I am trying to connect via SSH to my ubuntu server with public key authentication. For some reasons I get an "Permission denied (publickey)." on the client, whenever I execute

ssh -i ~/.ssh/id_rsa <username>@<ip> -p <port>.

The auth.log on my server has the following output:

sshd[1425]: Connection closed by <client-ip> [preauth]

But as soon as I login physically on my server, with the samer username, the following ssh connection from my client successes. But as soon as I logout physically, the next ssh session from my client fails.


# What ports, IPs and protocols we listen for
Port <port>
# Use these options to restrict which interfaces/protocols sshd will bind to
#ListenAddress ::
Protocol 2
# HostKeys for protocol version 2
HostKey /etc/ssh/ssh_host_rsa_key
HostKey /etc/ssh/ssh_host_dsa_key
HostKey /etc/ssh/ssh_host_ecdsa_key
HostKey /etc/ssh/ssh_host_ed25519_key
#Privilege Separation is turned on for security
UsePrivilegeSeparation yes

# Lifetime and size of ephemeral version 1 server key
KeyRegenerationInterval 3600
ServerKeyBits 1024

# Logging
SyslogFacility AUTH
LogLevel INFO

# Authentication:
LoginGraceTime 120
PermitRootLogin no
StrictModes yes

RSAAuthentication yes
PubkeyAuthentication yes
AuthorizedKeysFile      %h/.ssh/authorized_keys

# Don't read the user's ~/.rhosts and ~/.shosts files
IgnoreRhosts yes
# For this to work you will also need host keys in /etc/ssh_known_hosts
RhostsRSAAuthentication no
# similar for protocol version 2
HostbasedAuthentication no

PermitEmptyPasswords no
ChallengeResponseAuthentication no

PasswordAuthentication no

X11Forwarding yes
X11DisplayOffset 10
PrintMotd no
PrintLastLog yes
TCPKeepAlive yes
#UseLogin no

AcceptEnv LANG LC_*

Subsystem sftp /usr/lib/openssh/sftp-server

UsePAM no

ClientAliveInterval 30
ClientAliveCountMax 99999    

Any clues why this could happen? Or do you have any recommendations according security? Thank you!

  • 1
    Try putting sshd in debug mode. Usually this spews to the current terminal; but in your case you might try: /usr/bin/sshd -d 2>&1 > ssh_debug.session. sshd will tell you what files it's trying to open and whether there are issues. Please note that sshd in debug will only answer one connection and then die; so be careful not to shoot yourself in the foot. – ericx Aug 28 '14 at 16:57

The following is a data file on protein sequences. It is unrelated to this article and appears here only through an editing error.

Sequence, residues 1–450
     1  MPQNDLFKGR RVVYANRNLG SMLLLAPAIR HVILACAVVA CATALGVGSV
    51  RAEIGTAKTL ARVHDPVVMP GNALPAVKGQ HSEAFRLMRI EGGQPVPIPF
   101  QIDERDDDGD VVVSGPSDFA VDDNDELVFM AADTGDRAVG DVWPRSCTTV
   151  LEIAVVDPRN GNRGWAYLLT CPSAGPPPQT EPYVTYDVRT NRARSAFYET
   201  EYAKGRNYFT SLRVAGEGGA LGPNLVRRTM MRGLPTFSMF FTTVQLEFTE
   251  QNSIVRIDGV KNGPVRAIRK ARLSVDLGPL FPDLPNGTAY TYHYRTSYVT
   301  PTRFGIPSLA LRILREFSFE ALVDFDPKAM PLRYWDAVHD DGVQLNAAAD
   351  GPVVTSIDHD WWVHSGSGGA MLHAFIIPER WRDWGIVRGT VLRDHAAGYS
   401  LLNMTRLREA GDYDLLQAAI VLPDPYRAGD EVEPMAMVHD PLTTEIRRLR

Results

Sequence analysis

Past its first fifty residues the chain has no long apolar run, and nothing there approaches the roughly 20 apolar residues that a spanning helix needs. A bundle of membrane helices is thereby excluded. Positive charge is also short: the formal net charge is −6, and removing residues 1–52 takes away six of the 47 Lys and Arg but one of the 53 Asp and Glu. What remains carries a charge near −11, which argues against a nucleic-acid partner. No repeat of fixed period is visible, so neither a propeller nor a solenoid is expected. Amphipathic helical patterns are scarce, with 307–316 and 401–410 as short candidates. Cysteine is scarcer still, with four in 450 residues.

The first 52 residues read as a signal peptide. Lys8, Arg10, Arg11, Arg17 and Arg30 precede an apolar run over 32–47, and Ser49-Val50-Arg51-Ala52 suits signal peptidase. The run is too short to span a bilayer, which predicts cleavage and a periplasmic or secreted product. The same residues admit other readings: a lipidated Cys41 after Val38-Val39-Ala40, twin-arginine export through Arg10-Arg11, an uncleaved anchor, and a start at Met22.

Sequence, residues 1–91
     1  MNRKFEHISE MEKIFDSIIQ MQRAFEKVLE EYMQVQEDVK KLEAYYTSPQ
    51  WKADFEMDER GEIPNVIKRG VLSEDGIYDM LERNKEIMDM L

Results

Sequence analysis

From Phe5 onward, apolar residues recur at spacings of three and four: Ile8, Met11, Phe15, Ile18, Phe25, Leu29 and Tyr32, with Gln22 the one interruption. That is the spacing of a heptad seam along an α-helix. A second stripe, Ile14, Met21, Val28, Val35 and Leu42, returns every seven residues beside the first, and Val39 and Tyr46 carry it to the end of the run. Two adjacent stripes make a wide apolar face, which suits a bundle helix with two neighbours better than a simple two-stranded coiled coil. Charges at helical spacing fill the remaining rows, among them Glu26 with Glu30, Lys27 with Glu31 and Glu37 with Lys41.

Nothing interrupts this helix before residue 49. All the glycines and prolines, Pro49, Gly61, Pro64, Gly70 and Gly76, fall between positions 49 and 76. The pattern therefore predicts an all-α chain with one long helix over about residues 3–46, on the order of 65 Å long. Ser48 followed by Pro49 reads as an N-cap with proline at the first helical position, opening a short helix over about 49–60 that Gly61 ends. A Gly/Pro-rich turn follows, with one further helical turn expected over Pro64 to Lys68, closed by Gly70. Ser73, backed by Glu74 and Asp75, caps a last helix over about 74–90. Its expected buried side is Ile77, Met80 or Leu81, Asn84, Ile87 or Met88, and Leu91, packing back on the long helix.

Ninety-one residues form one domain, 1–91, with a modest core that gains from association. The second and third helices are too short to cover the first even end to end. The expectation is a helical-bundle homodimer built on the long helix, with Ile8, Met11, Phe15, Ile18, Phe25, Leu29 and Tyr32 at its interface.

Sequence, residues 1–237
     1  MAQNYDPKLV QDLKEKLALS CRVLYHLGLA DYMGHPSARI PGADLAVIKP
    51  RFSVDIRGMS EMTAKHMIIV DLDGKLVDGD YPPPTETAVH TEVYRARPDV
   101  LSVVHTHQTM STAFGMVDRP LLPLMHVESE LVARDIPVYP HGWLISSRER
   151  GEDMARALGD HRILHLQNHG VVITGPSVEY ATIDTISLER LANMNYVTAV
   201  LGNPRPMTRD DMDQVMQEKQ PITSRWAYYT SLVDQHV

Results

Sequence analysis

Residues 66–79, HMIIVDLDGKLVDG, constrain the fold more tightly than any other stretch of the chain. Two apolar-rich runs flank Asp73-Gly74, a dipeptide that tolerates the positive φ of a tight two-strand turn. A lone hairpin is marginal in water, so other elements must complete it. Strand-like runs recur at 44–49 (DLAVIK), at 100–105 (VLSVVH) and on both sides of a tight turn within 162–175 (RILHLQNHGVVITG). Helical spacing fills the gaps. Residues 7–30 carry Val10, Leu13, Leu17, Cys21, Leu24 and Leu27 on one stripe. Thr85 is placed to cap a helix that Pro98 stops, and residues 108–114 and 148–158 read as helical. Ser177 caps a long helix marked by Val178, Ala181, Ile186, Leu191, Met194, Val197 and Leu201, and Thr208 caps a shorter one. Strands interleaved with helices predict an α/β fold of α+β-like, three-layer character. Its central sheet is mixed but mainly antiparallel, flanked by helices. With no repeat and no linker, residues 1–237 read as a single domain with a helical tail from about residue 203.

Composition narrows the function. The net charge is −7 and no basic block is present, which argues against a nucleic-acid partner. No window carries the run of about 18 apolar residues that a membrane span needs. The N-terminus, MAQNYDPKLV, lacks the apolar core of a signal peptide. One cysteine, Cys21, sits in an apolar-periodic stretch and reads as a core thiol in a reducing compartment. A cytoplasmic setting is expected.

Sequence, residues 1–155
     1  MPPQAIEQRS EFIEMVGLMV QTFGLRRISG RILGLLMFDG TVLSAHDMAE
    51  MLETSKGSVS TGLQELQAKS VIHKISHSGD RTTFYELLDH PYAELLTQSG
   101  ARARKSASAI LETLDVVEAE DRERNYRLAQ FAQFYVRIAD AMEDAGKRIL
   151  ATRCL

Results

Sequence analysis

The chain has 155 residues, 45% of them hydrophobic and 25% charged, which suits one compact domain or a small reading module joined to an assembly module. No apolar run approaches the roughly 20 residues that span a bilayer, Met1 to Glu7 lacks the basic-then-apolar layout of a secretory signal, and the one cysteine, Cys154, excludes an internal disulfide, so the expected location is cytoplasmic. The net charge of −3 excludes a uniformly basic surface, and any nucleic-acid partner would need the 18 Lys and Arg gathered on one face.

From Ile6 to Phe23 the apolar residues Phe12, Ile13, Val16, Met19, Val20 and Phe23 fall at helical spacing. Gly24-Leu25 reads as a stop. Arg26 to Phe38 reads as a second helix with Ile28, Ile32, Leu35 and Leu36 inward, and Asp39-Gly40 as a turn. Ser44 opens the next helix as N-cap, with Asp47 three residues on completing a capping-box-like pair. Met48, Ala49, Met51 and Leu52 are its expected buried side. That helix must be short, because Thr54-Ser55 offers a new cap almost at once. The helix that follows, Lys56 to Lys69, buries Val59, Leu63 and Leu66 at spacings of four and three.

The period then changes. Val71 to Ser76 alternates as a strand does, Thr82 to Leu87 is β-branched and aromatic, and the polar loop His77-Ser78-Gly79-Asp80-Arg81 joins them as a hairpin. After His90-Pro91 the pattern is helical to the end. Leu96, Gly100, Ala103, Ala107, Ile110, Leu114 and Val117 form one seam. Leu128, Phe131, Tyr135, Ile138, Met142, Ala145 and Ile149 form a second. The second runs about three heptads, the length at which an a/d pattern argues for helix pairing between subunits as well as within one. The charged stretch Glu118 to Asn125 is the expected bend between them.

• 2
    Do you have anything like autofs set up on the server? – Bratchley Aug 28 '14 at 17:11
  • 3
    In addition to what @JoelDavis said, do you have an encrypted home being mounted with something like pam_mount? – Patrick Aug 28 '14 at 17:13
  • Hi .. thanks four your replies. @Patrick I guess it's going into the right direction. My home is encrypted. Additionally, my sshd config contains UsePAM no. I guess it has to say yes. But what about the security? I do not want to allow PW authentication. – caiuspb Aug 28 '14 at 17:38
  • Yep .. my encrypted home was keeping me away from a proper ssh login ;) I used help.ubuntu.com/community/SSH/OpenSSH/Keys to fix that issue. Thanks. – caiuspb Aug 28 '14 at 18:04
up vote 12 down vote accepted

As mentioned in the comment, you're using an encrypted home directory, and are likely using pam_mount to mount it.
pam_mount mounts the partition using the password acquired during login. Since you're trying to log in via ssh public keys there are 2 issues:

  1. There is no password being sent during public key authentication, so it can't mount your home directory using it.
  2. When using pam_mount, your home directory is mounted after login, but sshd needs to get your authorized_keys file before login, and thus it's not mounted.

Either of these issues is enough to prevent it from working.

The only solution is to get your public keys out of the home directory. This is actually rather simple.

First copy the authorized_keys file out of the home directory:

cp -a /home/$USER/.ssh/authorized_keys /home/$USER-authorized_keys

Then tell sshd to use that file by adding the following to /etc/ssh/sshd_config (replace existing entry if present):

AuthorizedKeysFile .ssh/authorized_keys /home/%u-authorized_keys

And bounce sshd.

Note however that this will not mount your home directory. Your home directory still needs your password to decrypt. Depending on how you have pam_mount configured, it might prompt you for your password, or it might just drop you into a shell with your home unmounted.

  • 1
    "Note however that this will not mount your home directory." <- in that case: when will a password prompt occur? already tried to configure "<msg-authpw>" but it won't start mounting it automatically via pam_mount after ssh login with public key auth – Master of Celebration Mar 23 '17 at 10:25

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